President Pranab Mukherjee recently gave his nod to the Maharashtra Animal Preservation (Amendment) Bill, 1995; nearly two decades after the Maharashtra Assembly passed it during the BJP-Shiv Sena rule in 1995. Though, cow slaughter was already banned in the state since 1976, the new act will prohibit the slaughter of bulls and bullocks, which was previously allowed based on a fit-for-slaughter certificate. Only slaughter of water buffaloes, which provides an inferior quality of meat, will be allowed now. The punishment for the crime of slaughtering or eating beef will be imprisonment for five years and a fine amount of Rs. 10,000.
Cow slaughter has been a much debated topic for centuries in India. The debate always had a religious significance as the cow is a holy animal for the Hindus. The beef trade in the state is largely controlled by the Qureshis and the ban is going to render many of them jobless. Inevitably, the ban makes the minority community feel alienated. Kader Chaudhry, a Muslim leader said to Times of India, “This shows how insensitive the government is to Muslims and their issues. After depriving them of reservation and attempts to grab Ismail Yusuf College, it has dealt yet another blow to a section of the community with the ban on beef trade. It is diligently working on agenda of the Sangh Parivar.”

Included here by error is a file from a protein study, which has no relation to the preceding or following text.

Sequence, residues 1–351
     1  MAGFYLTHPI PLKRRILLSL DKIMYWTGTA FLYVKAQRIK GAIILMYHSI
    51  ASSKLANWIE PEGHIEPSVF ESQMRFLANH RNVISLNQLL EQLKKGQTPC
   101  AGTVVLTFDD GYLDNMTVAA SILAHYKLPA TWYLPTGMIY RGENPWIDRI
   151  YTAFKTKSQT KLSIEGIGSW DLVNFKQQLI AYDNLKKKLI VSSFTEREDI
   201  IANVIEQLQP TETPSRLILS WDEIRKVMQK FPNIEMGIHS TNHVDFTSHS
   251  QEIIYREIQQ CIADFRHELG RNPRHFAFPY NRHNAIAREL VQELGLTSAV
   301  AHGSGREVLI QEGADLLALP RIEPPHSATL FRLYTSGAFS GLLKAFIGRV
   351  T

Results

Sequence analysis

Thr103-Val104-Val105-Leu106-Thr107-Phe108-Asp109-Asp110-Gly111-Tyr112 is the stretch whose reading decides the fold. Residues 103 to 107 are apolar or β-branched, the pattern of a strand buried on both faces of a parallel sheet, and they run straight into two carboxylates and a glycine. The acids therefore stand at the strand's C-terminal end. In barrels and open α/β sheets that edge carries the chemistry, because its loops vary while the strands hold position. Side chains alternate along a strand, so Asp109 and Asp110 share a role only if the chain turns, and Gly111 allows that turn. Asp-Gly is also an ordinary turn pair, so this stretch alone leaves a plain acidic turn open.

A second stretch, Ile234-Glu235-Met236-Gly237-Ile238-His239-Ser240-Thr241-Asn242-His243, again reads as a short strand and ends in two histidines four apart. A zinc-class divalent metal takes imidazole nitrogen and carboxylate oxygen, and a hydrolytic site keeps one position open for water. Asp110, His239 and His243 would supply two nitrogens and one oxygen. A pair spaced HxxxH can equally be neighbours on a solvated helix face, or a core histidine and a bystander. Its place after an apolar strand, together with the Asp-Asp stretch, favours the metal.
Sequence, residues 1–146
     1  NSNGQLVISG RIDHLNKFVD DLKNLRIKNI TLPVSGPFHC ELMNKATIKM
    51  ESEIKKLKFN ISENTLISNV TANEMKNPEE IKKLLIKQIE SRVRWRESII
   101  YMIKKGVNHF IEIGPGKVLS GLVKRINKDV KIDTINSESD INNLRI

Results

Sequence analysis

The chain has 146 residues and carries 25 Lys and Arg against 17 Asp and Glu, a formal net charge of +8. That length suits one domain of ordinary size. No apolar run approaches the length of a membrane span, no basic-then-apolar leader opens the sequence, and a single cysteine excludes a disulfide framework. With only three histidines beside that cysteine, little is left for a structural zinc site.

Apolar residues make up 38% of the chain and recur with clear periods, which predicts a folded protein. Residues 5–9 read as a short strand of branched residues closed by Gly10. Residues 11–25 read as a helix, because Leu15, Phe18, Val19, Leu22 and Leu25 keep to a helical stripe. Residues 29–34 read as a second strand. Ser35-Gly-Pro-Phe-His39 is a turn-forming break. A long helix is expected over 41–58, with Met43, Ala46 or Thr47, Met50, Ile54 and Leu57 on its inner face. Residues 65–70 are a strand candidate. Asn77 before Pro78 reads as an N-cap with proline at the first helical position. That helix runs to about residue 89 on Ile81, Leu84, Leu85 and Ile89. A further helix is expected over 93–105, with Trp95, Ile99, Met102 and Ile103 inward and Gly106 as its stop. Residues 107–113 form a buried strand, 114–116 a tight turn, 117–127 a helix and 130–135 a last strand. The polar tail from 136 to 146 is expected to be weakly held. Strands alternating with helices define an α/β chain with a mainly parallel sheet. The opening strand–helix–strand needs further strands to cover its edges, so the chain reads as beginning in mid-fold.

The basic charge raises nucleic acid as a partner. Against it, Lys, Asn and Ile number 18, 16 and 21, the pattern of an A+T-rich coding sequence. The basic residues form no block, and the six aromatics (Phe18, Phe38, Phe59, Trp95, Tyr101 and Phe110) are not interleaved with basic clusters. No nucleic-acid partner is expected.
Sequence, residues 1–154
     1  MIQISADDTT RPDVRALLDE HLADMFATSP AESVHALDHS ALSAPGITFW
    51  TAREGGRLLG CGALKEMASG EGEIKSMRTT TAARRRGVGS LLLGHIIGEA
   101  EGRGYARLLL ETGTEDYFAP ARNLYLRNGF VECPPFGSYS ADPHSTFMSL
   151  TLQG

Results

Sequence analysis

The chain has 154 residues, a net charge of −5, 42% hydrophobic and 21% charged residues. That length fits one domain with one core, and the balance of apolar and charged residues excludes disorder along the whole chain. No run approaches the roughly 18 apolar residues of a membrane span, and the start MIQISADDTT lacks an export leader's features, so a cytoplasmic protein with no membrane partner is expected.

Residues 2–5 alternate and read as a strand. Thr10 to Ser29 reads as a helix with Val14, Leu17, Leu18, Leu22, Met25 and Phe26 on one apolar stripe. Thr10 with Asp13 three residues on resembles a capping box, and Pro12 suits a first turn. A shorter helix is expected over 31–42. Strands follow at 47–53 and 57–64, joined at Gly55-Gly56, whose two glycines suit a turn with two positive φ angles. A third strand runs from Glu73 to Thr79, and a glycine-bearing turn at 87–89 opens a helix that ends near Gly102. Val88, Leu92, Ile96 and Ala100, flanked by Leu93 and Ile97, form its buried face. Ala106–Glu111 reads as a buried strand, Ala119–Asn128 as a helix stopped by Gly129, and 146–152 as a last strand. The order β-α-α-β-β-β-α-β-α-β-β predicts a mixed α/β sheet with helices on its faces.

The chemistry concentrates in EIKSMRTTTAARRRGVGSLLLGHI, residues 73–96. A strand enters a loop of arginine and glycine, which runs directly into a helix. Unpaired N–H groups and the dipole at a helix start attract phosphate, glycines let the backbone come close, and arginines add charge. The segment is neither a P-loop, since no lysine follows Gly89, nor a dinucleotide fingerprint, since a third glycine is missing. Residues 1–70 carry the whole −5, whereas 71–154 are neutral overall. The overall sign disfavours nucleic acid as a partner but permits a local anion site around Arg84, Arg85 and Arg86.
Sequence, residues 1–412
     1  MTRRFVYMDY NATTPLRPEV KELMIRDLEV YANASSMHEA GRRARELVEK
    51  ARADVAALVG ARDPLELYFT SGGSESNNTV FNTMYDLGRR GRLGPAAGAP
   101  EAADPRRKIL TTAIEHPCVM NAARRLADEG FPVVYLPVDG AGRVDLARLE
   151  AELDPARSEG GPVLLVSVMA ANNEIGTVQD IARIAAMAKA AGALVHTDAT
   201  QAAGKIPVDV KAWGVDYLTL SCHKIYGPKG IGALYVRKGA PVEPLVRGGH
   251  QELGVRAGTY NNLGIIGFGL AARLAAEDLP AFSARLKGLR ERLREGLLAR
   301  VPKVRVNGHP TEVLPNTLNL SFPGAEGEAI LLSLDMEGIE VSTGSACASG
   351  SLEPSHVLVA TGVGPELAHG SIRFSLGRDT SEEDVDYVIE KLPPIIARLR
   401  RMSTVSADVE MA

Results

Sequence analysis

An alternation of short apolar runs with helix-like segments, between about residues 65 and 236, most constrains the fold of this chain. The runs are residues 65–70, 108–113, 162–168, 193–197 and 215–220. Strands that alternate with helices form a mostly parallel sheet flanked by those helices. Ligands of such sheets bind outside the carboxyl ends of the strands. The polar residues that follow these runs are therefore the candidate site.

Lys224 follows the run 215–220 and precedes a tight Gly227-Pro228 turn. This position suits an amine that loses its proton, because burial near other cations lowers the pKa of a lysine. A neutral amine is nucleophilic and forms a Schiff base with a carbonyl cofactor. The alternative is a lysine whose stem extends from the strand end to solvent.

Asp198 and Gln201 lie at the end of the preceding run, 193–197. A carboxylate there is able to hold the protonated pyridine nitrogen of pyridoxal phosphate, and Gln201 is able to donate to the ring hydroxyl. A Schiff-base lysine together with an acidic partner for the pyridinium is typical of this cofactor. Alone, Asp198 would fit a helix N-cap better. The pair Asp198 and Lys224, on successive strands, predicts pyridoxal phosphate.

Beef is often seen as a poor man’s meat, as it costs only one third of the price of mutton. The ban will make the poor people forgo a cheap source of protein. Also, many poor Muslims would make do with beef on Eid as they couldn’t afford mutton. They would now have to look for other alternatives.
Once the ban is implemented it is going to impact the dietary choices of not only humans, but also animals. Animals in the zoo are fed beef meat. A tiger needs to be fed at least seven kilos of beef every day. Recently, when the beef traders went on a strike, the authorities had to feed them chicken.
Now, with a blanket ban, the tigers will again suffer. Since beef is their natural food, they cannot survive on chicken for too long.
The bill is also being perceived as an anti- farmer bill, as it will directly impact them. Earlier, the farmers would send their cattle for slaughtering once those animals could not work on the farm anymore. But now, the farmers would have to bear the burden of rearing them until their end, which is not very viable economically. Many farmers, due to lack of funds, may not feed their old cattle; thus, causing their death. Hence, the bill passed to protect cattle may eventually lead to more hatred against the BJP. It currently has an image of a development oriented party, but is doing much harm to its image by this bill. In the long term, this bill will affect our exports, our farmers, and even the nutrition of our country. Many restaurants are also contemplating to close down as the bill demands a change in their cuisine. The government needs to weigh these pros and cons before implanting the bill.